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Gary Fincke: The Local Cemetery

I went by myself, late

In the summer, looking

At first, over my shoulder

Like some clumsy spy.

I walked to the brightest

Cut flowers and paid

Attention to last week’s date,

The name of a woman

From my street. Her husband

Had come here yesterday.

He had looked, I supposed,

At his dates, 1920-199_,

Giving himself four years,

And I have been with my father

When he stood on the grass

And said, “You can always

Find me here.” He gestured

And meant me to think

Of the nearby plot as mine;

I kept walking and found

Whole families, like ours,

Together for a hundred years,

Settled in from Europe

And never moving again,

Never thinking of moving,

And even now, my sister

Has moved back to Pittsburgh,

Two miles from my father,

And asks when I’m coming home,

Says she has purchased space

In the Garden of Dreams,

Which, so far, leaves me out,

Kicking the earth hundreds

Of miles away, picking up

The one stone I’ve seen in all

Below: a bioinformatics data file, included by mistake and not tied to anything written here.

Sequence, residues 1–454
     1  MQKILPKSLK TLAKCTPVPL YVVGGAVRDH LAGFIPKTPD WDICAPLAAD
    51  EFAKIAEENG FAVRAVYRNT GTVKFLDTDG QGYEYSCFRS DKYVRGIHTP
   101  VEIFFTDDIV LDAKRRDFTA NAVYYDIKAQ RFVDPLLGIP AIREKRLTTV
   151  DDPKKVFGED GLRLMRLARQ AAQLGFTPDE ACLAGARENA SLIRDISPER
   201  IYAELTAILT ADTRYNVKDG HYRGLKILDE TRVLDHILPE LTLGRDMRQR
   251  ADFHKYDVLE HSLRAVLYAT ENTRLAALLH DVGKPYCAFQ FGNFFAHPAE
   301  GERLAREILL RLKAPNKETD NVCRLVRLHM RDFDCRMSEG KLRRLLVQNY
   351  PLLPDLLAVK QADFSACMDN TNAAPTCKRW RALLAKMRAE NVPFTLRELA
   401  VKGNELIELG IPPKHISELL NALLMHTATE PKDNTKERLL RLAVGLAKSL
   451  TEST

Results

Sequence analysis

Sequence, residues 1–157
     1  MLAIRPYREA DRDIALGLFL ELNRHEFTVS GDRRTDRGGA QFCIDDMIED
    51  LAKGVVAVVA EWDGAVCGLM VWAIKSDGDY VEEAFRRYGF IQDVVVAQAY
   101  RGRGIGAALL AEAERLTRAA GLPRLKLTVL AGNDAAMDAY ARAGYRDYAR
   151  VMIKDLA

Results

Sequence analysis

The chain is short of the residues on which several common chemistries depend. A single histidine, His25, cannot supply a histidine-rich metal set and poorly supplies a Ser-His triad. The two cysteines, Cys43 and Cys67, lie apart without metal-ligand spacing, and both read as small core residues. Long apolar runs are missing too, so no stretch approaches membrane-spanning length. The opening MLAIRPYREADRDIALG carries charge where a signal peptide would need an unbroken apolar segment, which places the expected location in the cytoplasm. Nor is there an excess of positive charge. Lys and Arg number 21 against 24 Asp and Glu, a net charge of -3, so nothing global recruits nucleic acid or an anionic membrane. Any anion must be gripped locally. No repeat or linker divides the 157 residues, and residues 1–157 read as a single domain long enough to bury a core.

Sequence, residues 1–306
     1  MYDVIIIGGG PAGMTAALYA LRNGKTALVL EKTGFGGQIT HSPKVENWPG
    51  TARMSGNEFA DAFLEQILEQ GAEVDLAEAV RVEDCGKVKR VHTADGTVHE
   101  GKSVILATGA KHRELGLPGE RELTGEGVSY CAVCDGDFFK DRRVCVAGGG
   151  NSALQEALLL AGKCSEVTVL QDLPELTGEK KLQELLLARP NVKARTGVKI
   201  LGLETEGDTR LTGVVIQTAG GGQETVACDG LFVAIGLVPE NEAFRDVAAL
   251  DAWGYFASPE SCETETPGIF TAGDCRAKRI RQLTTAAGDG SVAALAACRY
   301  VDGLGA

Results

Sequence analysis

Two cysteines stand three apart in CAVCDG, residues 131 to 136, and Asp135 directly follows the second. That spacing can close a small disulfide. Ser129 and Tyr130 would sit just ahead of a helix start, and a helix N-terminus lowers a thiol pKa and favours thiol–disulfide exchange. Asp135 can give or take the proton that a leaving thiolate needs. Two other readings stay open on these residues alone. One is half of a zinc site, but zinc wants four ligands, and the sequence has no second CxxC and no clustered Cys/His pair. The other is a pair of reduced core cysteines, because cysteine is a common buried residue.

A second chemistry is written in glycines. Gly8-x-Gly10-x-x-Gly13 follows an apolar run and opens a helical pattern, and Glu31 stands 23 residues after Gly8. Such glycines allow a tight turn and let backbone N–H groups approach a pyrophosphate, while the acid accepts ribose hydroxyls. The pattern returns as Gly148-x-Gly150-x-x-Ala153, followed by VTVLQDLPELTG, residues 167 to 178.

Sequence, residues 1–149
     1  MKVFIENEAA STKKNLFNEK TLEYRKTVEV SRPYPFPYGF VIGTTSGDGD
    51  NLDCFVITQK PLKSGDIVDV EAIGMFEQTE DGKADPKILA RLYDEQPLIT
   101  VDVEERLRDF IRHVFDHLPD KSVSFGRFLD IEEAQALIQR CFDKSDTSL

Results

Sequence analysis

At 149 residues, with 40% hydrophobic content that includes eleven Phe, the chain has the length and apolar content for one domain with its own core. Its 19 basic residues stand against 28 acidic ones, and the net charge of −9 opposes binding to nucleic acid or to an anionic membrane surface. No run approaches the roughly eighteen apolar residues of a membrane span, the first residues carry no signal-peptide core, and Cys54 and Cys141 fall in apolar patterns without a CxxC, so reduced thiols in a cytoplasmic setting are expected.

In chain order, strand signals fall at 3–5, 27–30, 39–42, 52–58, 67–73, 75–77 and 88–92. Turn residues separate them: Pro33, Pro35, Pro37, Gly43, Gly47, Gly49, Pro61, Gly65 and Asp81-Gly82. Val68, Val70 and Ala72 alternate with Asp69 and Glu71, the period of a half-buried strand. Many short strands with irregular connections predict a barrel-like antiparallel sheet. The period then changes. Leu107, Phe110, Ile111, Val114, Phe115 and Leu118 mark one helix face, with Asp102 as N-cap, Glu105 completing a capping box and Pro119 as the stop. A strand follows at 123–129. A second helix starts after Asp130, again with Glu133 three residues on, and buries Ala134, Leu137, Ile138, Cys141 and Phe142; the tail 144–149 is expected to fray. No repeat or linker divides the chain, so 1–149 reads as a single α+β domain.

Of this grass and sailing it

Into the trees where it rattles

And falls into silence.


Copyright 2021 Gary Fincke. Previously published in Poetry and in Blood Ties, Time Being Books.

Gary Fincke has won numerous awards for his writing, including the Bess Hokin Prize from Poetry Magazine. He lives in Selinsgrove, Pennsylvania.

2 comments on “Gary Fincke: The Local Cemetery

  1. Barbara Huntington
    August 31, 2021

    When we start burying ( or scattering) thoughts come. Mom in an urn next to her second husband, dad in a bird sanctuary, my husband scattered, yet on place is under a eucalyptus tree by a common route and I often say hi as I drive by. I think I want to provide unburnt nutrients for a forest tree.

    Liked by 1 person

  2. daninmaya
    August 31, 2021

    I like this poem a lot. A quote is trying to come to me from somewhere: don’t look for me there….

    Liked by 2 people

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This entry was posted on August 31, 2021 by in Health and Nutrition, Poetry and tagged , , , , .

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